Money Finance News Pauline Hanson won’t be turned on company tax cuts
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Pauline Hanson won’t be turned on company tax cuts

one nation leader pauline hanson
Ms Hanson hauled before the powerful Senate privileges committee . Photo: AAP
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The government’s $65 billion in corporate tax cuts are now in real trouble – not just because Pauline Hanson’s One Nation has decided to block them in the Senate, but because this time the party has really done its homework as to why.

That includes, according to Senator Hanson’s office, having “a former ATO employee on full-time staff … for the past 12 months”.

Senator Hanson’s office told The New Daily that she had “spent a great deal of time speaking with company CEOs and business groups about [company] tax cuts and whether they will encourage wage rises or increased job opportunities. The short answer from all has been ‘no!’.”

The additional research is clearly apparent in an article the senator published in Monday’s Australian newspaper in which she challenged the idea that Australia had to compete with the Trump administration’s company tax cuts.

She wrote: “The availability of … tax ­refunds and tax credits is one of many factors that complicates a simple comparison of tax rates.

“In the US, companies pay federal income tax, and state income tax applies in 48 states. The Trump tax rate ­becomes anywhere between 21 per cent and 33 per cent, depending on the state. So a simple comparison of country tax rates is next to useless.”

Michael Dirkis, professor of taxation law at the University of Sydney, says those figures are “about correct” and adds that “very few states don’t have their own company income tax”.

As explained last week, the effective tax rate that applies in any tax regime varies between companies, due to factors including: the ability to carry forward losses; the capital and asset structures of the firm; the generosity or otherwise of asset depreciation schedules; and the presence or absence of state-level taxes.

Digging in

One Nation has a patchy record on economic matters to say the least. Early in her career, for instance, Senator Hanson produced a much-ridiculed plan to levy a flat 2 per cent tax on all levels of value-added production, which would have killed some companies and given others huge tax cuts.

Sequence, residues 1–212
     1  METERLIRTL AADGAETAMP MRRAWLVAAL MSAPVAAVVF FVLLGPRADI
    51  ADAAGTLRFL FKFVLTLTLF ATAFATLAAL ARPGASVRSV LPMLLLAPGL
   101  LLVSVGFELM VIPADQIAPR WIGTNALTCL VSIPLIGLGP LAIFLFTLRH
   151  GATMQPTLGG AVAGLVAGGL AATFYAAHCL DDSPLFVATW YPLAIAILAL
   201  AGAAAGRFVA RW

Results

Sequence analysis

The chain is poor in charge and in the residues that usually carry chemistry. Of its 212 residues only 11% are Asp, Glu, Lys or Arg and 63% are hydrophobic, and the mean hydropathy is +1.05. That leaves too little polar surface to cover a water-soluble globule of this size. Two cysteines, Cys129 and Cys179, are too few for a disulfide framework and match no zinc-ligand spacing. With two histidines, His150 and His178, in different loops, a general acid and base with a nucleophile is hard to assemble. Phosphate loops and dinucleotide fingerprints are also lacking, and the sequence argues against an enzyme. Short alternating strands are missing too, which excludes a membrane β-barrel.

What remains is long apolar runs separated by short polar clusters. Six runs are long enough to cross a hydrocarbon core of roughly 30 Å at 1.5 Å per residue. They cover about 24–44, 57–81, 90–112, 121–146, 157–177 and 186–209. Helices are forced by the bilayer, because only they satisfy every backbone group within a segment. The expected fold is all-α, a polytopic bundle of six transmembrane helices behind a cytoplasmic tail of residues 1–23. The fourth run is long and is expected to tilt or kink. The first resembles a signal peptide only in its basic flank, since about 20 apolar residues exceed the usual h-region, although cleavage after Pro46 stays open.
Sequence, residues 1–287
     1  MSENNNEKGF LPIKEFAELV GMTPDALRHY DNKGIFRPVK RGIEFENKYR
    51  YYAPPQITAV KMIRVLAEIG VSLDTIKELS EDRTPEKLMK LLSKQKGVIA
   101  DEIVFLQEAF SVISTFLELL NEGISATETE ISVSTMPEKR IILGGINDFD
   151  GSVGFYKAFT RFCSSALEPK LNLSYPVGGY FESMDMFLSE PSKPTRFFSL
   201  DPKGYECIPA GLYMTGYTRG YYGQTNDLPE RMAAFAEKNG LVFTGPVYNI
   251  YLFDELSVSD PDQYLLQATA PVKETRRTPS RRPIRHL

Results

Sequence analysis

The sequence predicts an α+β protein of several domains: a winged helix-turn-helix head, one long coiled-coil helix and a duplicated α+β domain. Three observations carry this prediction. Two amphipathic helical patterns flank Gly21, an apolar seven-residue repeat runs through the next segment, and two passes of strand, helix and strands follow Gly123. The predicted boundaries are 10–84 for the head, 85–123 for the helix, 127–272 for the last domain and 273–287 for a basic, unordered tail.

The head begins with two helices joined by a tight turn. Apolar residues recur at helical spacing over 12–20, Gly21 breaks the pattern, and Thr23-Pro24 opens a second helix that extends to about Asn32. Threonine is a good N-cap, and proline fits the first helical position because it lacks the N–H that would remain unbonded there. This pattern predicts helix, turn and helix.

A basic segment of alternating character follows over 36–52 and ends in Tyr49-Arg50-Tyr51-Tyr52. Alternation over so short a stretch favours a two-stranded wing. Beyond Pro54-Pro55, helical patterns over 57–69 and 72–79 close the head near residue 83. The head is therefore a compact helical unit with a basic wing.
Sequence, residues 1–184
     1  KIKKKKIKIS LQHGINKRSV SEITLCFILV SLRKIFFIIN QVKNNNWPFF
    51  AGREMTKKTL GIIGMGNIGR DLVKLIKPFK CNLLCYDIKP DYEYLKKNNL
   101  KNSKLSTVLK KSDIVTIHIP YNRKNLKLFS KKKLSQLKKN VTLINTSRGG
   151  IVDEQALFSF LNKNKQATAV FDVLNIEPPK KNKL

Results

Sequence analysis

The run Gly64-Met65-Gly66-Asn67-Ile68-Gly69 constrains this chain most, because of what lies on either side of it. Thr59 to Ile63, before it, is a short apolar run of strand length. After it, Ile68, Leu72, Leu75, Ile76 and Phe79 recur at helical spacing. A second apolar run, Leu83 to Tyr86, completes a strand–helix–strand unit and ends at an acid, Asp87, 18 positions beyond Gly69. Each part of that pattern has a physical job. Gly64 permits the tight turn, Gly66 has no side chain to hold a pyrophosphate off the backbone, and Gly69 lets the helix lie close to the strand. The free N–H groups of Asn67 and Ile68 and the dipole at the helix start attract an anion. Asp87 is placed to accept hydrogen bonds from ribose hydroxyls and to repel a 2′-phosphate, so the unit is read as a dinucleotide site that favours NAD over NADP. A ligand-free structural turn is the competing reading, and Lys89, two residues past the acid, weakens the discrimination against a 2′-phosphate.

On the current company tax debate, however, she has listened to the experts – and importantly, not to CEOs such as Qantas’ Alan Joyce or Rio Tinto’s Jean-Sebastien Jacques who have used the misleading headline tax rates to argue that Australia was becoming “uncompetitive” for investors.

Mr Jacques, who was part of Prime Minister Malcolm Turnbull’s delegation to Washington over the weekend, warned in Monday’s Australian Financial Review: “I’ve got projects both in Australia and in the US, and it will be a pity if the money goes to the wrong direction … When you’ve got a project which is going, especially in mining and infrastructure, with a 40-, 50-year life of project, the 10-point gap (in the company tax rate) makes a massive, massive difference.”

Well there is no 10-point gap – as Professor Dirkis told The New Daily last week, effective tax rates in the US may still be higher than in Australia depending on the type of firm in question.

Not for turning

A spokesperson for the senator told The New Daily: “Our entire Senate team has been well briefed on the facts and have unanimously agreed on the party’s position.

“Blindly following Donald Trump and countries like the UK or France is fiscally irresponsible. There’s no denying Australia’s tax system needs a significant overhaul, but tinkering around the edges with cuts alone is not the answer.”

This is reassuring coming from the Senate crossbench. Without that kind of understanding of the issues, the cuts could have been waved through based on the ‘uncompetitive Australia’ fallacy.

That would have produced large windfalls for foreign investors and virtually no change for local shareholders due to Australia’s dividend franking credit system.

And it would have pushed more of the tax burden onto the struggling household sector – primarily by leaving less room in the budget for personal income tax cuts.

By digging in on this issue alongside the Greens and Labor, One Nation has blocked a policy that was ill-considered at best, or at worst an unnecessary and cynical free kick for corporations.

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